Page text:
Office of the President
October 15, 2004
2004 Alliant Energy Underkofler Excellence in Teaching Awards
President Kevin Reilly, University of Wisconsin SystemWelcome to the 2004 Alliant Energy Underkofler Excellence in Teaching Awards ceremony. On September First, I became President of this great university system. Since taking office a month-and-a-half ago, I have traveled all around the state, convened two meetings of the Board of Regents, put final touches on the 2005-07 biennial budget for submission to the Governor, and, last week, was called to testify about the UW System’s administrative costs before a legislative hearing on the Audit just issued by the Legislative Audit Bureau. Believe me when I say that being here with you today, to honor the recipients of the 2004 Underkofler Excellence in Teaching Awards, is one of the most pleasurable responsibilities I have undertaken thus far!
I am very proud to be able to honor these outstanding faculty and academic staff. Their remarkable dedication to teaching, and their ability to inspire students, exemplify the best values of the University of Wisconsin System. Their students have testified that these individuals not only have inspired them to academic achievement, but also have served as role models well beyond the four walls of the classroom. Today, we honor their capacity to transform lives, and to help students become a part of something larger—whether that something is a community of learners, an academic discipline, or the world outside the academy.
I want to begin by thanking Alliant Energy for their years of support of good teaching. The awards honor James Underkofler, the company’s former Chairman, and Alliant Energy’s ongoing commitment to public higher education. Such support from the private sector will help ensure the excellence of the UW System well into the 21st century as we seek more creative and innovative ways to provide high-quality education to people from throughout Wisconsin and the nation.
Alliant Energy is represented today by Tim Heinrich, Executive Director of the Alliant Energy Foundation. I’d like to welcome Tim and to give him the opportunity to say a few words before presenting the awards. Tim . . .
Administered by the UW System Office of Professional and Instructional Development, the Underkofler Awards mark a continuing commitment by Alliant Energy to recognize and reward outstanding teachers at UW System institutions within the company’s service area. Candidates are nominated by their home institutions. A System committee of faculty and teaching academic staff makes the final selection. Each year, four recipients are selected and, as you will see, they represent a diversity of disciplines, backgrounds, career stages and pedagogical approaches.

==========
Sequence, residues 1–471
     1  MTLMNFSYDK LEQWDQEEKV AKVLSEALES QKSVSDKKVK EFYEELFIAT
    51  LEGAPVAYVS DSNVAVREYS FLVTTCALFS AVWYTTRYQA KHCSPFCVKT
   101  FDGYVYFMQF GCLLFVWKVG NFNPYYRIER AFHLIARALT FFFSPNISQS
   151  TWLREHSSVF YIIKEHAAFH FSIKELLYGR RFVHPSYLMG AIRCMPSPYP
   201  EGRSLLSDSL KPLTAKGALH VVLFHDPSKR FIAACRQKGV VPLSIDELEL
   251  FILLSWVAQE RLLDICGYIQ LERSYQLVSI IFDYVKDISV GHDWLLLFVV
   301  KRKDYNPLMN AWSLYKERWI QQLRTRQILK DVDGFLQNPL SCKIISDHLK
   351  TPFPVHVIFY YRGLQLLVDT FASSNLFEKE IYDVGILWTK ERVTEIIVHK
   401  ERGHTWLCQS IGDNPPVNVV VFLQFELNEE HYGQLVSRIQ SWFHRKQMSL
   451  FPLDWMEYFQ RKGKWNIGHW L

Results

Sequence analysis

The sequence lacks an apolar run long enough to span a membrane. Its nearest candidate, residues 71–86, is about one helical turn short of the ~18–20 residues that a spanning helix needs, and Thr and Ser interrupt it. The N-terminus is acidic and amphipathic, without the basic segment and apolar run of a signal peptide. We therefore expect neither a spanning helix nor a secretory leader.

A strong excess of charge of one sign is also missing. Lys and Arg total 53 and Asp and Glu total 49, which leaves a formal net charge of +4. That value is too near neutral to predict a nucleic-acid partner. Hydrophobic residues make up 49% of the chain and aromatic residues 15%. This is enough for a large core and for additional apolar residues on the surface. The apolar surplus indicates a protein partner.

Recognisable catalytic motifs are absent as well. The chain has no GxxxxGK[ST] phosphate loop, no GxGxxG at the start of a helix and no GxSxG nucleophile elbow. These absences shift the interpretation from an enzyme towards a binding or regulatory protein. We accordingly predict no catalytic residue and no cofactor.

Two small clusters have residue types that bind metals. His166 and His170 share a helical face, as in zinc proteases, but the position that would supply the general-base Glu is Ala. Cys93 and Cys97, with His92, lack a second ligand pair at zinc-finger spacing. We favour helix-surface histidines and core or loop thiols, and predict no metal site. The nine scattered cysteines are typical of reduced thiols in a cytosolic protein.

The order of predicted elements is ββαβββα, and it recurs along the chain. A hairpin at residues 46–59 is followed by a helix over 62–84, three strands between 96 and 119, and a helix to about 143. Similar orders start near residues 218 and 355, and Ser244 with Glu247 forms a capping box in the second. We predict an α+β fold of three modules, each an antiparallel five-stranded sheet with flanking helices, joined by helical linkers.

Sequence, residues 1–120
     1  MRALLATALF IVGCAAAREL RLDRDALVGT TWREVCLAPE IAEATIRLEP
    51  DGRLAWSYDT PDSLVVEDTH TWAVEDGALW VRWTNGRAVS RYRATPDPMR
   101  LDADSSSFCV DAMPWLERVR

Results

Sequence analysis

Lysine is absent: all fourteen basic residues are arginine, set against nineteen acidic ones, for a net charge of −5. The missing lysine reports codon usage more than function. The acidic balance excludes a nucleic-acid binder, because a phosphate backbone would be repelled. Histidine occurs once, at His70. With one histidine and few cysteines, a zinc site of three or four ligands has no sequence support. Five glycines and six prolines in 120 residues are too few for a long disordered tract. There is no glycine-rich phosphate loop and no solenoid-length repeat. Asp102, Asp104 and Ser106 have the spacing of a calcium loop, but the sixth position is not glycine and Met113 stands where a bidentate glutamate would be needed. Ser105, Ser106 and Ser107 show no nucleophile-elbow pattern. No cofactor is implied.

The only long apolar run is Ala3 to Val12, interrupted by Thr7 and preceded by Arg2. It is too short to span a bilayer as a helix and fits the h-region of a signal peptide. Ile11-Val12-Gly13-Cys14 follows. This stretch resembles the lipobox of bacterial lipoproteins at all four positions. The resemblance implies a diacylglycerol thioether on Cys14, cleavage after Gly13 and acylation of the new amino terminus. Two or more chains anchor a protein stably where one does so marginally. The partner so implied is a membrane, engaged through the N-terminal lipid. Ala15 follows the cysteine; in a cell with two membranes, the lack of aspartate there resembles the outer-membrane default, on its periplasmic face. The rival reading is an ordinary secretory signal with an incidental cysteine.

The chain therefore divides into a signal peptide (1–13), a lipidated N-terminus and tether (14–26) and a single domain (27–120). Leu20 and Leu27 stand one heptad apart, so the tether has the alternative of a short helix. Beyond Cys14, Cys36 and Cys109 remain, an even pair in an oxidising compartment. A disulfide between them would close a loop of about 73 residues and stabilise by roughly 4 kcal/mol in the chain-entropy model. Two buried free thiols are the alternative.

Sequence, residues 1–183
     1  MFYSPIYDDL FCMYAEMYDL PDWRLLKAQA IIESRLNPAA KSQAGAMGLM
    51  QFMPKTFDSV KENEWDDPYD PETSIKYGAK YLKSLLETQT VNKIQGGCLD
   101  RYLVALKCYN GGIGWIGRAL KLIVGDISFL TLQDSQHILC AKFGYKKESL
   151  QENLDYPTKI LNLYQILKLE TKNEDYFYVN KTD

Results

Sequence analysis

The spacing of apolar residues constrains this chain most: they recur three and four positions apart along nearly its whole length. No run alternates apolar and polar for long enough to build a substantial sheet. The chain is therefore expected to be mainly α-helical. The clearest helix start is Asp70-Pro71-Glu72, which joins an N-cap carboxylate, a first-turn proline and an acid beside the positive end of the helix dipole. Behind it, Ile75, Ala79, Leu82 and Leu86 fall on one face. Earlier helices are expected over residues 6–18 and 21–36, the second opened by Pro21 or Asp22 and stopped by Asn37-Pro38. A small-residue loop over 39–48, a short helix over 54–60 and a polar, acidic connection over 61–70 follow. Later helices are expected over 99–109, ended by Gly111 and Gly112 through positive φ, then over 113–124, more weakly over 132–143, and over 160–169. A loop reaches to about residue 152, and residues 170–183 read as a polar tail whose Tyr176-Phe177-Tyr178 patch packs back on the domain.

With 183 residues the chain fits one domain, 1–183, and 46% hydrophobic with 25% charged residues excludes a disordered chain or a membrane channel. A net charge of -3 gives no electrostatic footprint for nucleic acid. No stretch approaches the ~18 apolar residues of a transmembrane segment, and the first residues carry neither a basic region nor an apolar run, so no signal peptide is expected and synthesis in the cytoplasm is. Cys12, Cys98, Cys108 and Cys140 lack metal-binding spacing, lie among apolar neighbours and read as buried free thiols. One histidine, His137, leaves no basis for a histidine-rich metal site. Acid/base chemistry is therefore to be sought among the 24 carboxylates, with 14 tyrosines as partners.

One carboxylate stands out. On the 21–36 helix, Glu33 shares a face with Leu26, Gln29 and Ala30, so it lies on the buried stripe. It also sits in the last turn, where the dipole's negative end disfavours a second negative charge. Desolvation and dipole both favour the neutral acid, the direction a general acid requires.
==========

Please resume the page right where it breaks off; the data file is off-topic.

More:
One of this year’s Underkofler recipients is not able to be here today. Professor Eric Wilcots, Professor of Astronomy at the University of Wisconsin-Madison, is on sabbatical for the year in Australia. We intend to honor him at next year’s ceremony.
As former Chancellor of the University of Wisconsin-Extension, I am very pleased to welcome today’s first Underkofler recipient, Professor Kevin Bernhardt.
Professor Bernhardt has a split appointment teaching in the School of Agriculture at the University of Wisconsin-Platteville, and as a Risk Management Specialist with the UW-Extension. There was no “fix” involved in his selection, I assure you! Professor Bernhardt joined the UW-Platteville faculty in 1996, after completing a Ph.D. in Agricultural Economics at the University of Nebraska-Lincoln.
In the eight years he has been at Platteville, he has not only earned tenure, but has also served as Director of the Agribusiness Program and taken responsibility for re-conceptualizing the entire Agribusiness curriculum. In his Extension role, he is co-principal investigator in a half-million dollar grant program to design and implement a dairy price management curriculum and a general agricultural risk management curriculum. These are award-winning curricula which have been widely adopted throughout the U.S.
Important as such accomplishments are, they don’t quite capture Professor Bernhardt’s complete engagement in his teaching and service to students, both in and out of the classroom. Like all faculty at Platteville, Dr. Bernhardt bears a heavy advising load, advising more than half of Platteville’s 120 Agribusiness majors. In addition, he is the faculty advisor to the National Agri-Marketing Association student chapter. This is a national marketing organization that competes each year at the national contest. Under Professor Bernhardt’s leadership, UW-Platteville’s teams have won national honors, bringing Platteville to national prominence and a reputation as a formidable opponent.